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A Gunshot in the Courtroom

“If this was a love to last the ages, the only wall high enough to keep the two lovers apart was death,” says The Good Wife’s creators, Robert and Michelle King.Photo: CBS

The Red Wedding. Charlie’s writing “not Penny’s boat.” Scandoval. The 97-year history of television has offered no shortage of astonishing onscreen moments, but few were as truly unexpected as Will Gardner’s sudden death in season five of The Good Wife. Rumors were swirling in the early months of 2014 that actor Josh Charles, one of the CBS drama’s leading stars alongside Julianna Margulies, would be leaving the show. Most viewers assumed his exit would come after a long, sentimental send-off at the end of the season — certainly not in a random act of violence executed by a desperate client midway through episode 15. When the gunshot rang out in that courtroom and Will was pronounced dead, Good Wife fans were left stunned, heartbroken, and so lost in grief that Charles himself had to call a few just to reassure them that he was okay.

“It was wild to see how intense the response was,” says Charles, speaking to Vulture ten years after his beloved character’s death. Robert and Michelle King — who co-created The Good Wife and wrote the episode in question, “Dramatics, Your Honor” — agree. Despite knowing how much fans cared for Will, they never expected such a reaction. “We built the episode and the following to be about the shock and irredeemability of death, so we liked that the show had that impact,” the couple explains via email. “We were hated for a while.”

The decision to **** Will was, unsurprisingly, not easy to make. Going into season five, the Kings knew they had to find a way to send him off. Feeling burned out from four years on a network procedural, Charles had decided at the end of the previous season not to renew his contract in full. “The grind had gotten to me,” the actor, 52, recalls. “I was ready to move on to the next chapter.” Still, Charles didn’t want to exit on a sour note. “It had been such a fantastic experience for me and my career, and, importantly, I wasn’t leaving due to a money issue or because I thought I was some hot-**** movie star,” he says. He and the Kings, along with producer Margulies, quietly worked out an agreement through which Charles would stay for 15 episodes, enough to give the writers time to figure out a worthwhile end for his character and still allow the actor an early leave.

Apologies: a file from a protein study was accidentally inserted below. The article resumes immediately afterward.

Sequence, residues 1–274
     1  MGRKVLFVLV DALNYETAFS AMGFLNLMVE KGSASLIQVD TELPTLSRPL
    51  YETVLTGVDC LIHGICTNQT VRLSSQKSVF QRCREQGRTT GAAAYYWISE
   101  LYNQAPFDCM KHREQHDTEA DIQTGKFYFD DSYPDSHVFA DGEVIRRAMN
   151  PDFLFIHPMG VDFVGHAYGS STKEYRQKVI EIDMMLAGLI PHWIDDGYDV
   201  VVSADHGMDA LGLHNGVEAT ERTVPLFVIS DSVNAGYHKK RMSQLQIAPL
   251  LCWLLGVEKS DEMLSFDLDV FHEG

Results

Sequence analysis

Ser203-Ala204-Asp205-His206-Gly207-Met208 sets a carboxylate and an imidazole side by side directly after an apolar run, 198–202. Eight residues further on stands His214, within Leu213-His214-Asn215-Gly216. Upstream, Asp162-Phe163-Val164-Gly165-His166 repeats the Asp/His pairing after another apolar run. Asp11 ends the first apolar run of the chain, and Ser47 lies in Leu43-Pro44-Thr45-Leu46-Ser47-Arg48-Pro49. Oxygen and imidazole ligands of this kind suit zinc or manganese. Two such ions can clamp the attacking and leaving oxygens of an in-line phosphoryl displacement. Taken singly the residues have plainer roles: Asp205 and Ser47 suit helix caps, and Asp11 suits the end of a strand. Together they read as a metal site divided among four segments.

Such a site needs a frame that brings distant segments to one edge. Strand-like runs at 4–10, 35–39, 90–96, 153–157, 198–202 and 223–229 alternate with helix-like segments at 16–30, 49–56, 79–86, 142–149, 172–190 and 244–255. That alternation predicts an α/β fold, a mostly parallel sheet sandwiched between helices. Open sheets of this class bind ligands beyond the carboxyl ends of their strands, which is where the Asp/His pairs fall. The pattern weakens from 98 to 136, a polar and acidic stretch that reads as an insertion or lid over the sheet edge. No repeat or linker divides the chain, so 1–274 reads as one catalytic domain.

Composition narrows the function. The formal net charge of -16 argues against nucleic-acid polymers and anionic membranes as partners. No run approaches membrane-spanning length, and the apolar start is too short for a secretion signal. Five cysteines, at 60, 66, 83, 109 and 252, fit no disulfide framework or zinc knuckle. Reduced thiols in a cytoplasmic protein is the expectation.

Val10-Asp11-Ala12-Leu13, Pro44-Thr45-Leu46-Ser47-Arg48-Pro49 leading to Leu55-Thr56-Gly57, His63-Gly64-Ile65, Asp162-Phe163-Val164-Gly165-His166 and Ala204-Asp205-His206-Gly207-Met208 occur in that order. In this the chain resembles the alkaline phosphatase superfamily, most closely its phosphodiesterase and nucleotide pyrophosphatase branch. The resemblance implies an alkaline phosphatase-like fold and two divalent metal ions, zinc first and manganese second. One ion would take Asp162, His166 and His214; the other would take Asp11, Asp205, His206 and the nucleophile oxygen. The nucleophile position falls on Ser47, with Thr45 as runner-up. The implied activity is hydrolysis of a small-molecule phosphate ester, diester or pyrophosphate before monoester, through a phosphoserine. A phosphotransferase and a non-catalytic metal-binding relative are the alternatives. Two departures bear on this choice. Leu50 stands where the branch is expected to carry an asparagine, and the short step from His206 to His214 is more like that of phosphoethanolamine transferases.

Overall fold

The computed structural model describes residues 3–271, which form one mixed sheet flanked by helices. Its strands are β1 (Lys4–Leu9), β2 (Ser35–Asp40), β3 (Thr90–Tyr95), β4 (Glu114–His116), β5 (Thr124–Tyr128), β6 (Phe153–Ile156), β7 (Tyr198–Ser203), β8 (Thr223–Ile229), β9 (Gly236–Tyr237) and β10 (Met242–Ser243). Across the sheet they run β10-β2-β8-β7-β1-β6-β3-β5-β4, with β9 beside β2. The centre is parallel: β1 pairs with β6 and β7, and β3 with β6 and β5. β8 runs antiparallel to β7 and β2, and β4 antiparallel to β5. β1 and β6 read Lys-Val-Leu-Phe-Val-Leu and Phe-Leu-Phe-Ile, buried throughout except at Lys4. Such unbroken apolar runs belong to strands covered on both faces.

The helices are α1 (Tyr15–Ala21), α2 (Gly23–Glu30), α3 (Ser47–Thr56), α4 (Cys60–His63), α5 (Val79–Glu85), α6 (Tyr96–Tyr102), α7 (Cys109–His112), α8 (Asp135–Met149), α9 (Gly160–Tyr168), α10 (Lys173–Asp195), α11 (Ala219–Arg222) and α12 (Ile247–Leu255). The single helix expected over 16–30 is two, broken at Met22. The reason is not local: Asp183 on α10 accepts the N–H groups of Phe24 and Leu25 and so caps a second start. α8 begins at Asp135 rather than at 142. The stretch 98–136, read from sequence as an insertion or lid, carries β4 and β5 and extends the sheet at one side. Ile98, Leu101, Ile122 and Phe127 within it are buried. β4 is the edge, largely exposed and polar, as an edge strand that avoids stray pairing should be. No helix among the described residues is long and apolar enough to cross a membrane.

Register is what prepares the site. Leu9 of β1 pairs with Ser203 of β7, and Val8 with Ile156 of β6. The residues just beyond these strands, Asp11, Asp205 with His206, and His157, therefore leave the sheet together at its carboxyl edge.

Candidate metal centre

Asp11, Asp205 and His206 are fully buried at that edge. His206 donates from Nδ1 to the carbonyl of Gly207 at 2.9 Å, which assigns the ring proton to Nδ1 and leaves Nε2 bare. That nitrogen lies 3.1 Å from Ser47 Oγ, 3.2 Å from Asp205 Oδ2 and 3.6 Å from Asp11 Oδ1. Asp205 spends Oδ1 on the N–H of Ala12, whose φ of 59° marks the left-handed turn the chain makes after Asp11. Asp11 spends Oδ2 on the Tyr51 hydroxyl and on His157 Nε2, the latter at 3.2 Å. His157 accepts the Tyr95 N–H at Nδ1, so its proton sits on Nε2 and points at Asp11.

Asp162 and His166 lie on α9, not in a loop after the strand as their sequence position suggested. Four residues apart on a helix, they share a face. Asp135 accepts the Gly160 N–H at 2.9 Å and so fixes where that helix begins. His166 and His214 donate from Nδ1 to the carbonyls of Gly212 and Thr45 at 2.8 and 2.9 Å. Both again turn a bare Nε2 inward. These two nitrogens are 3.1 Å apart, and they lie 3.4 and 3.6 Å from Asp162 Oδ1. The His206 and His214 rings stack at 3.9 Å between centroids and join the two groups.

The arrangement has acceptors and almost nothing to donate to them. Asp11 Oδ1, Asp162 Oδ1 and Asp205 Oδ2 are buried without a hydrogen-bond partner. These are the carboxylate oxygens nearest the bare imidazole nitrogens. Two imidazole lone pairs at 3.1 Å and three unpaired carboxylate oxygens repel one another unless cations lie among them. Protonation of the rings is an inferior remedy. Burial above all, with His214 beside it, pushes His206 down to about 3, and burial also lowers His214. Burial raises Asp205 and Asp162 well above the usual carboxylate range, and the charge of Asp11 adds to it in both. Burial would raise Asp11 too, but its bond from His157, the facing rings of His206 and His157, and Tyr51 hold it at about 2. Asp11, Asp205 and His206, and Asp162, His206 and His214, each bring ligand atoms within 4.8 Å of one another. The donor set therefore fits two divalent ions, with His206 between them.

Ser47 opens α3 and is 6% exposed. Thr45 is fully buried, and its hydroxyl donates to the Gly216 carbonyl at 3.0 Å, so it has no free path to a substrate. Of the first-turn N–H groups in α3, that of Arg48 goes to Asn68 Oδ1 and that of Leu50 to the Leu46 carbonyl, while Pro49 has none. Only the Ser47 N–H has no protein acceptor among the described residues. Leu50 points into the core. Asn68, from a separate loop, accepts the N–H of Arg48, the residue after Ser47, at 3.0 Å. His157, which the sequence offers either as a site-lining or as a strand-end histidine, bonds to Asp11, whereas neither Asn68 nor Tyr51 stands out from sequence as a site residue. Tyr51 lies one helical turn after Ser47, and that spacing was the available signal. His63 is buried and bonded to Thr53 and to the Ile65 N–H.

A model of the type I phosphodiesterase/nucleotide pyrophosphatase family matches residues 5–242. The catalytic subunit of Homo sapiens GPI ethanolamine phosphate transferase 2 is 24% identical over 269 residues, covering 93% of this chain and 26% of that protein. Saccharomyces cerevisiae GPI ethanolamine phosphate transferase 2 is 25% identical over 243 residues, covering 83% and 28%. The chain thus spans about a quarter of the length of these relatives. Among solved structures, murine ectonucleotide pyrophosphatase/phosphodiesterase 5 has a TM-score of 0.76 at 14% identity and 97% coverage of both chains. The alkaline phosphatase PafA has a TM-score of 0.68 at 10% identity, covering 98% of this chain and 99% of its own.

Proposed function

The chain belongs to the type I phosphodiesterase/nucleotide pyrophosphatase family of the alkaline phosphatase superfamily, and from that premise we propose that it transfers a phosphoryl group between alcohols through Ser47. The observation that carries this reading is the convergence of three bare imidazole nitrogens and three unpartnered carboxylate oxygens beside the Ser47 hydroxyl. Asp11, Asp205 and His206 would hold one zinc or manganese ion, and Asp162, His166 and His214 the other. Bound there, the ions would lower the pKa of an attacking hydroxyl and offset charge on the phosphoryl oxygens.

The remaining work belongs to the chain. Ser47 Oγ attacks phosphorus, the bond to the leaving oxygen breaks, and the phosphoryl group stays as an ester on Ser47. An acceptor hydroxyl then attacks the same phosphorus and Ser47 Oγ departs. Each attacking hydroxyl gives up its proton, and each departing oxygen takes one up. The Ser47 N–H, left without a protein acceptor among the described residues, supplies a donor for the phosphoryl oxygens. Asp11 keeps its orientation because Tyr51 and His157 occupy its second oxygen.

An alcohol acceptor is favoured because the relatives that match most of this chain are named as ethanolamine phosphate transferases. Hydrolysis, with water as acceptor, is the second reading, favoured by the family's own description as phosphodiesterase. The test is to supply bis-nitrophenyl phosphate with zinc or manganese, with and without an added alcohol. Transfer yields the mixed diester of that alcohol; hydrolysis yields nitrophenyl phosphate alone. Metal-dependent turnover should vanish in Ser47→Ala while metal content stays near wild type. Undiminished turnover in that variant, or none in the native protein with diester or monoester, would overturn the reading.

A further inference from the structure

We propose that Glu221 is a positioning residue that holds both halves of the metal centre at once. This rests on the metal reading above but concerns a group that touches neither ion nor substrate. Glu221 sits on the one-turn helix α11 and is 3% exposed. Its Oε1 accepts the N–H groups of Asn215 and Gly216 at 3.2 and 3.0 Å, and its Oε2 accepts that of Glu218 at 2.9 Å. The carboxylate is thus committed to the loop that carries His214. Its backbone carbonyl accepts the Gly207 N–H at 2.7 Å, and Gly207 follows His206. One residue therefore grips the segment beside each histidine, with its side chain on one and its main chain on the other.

The Kings first considered having Will move to Seattle or be disbarred, forcing him to leave Lockhart/Gardner — and Alicia Florrick, his longtime foil and romantic interest — for good. But both options “seemed so easily reversed,” the Kings say. “If this was a love to last the ages, the only wall high enough to keep the two lovers apart was death.” Thus, Will’s fate was decided: He would be shot by his own client, Jeffrey Grant (Hunter Parrish), in the middle of a trial while the young man seemingly had a psychotic break. Viewers wouldn’t see the actual shooting, only the aftermath: a distraught Jeffrey trying to **** himself, the prosecutor trying to stop Will from bleeding out, and, later, lawyers Diane (Christine Baranski) and Kalinda (Archie Panjabi) identifying Will’s body in the hospital and delivering the news to political consultant Eli (Alan *******) and Alicia. It was an excruciatingly painful series of events, made all the worse by Alicia, who was giving a press speech elsewhere in Chicago, not getting the chance to say good-bye to the love of her life.

Charles was immediately onboard with the plan. “We all agreed it could be incredibly dramatic and impactful, especially if we could keep it a secret,” he says. Crucially, Margulies approved too. “She understood how that turned up the emotion to 11,” the Kings recall.

Julianna Margulies as Alicia Florrick in The Good Wife’s “Dramatics, Your Honor.”Photo: CBS

Then came the hard part: months of making sure that word about Charles’s midseason exit didn’t get out lest it ruin the surprise for viewers. To prevent leaks, the Kings numbered the scripts and begged crew members and the dozens of background actors who appeared in the episode to keep the secret. Luckily, most stayed mum (except for *******, who recently revealed he happily “told everyone,” including his hairdresser). Charles did his part by not letting his agent put him up for another show, which “would’ve been a dead giveaway” that he was leaving, per the Kings. Still, it was a risky bet. “It was amazing we were able to pull it off,” Charles says.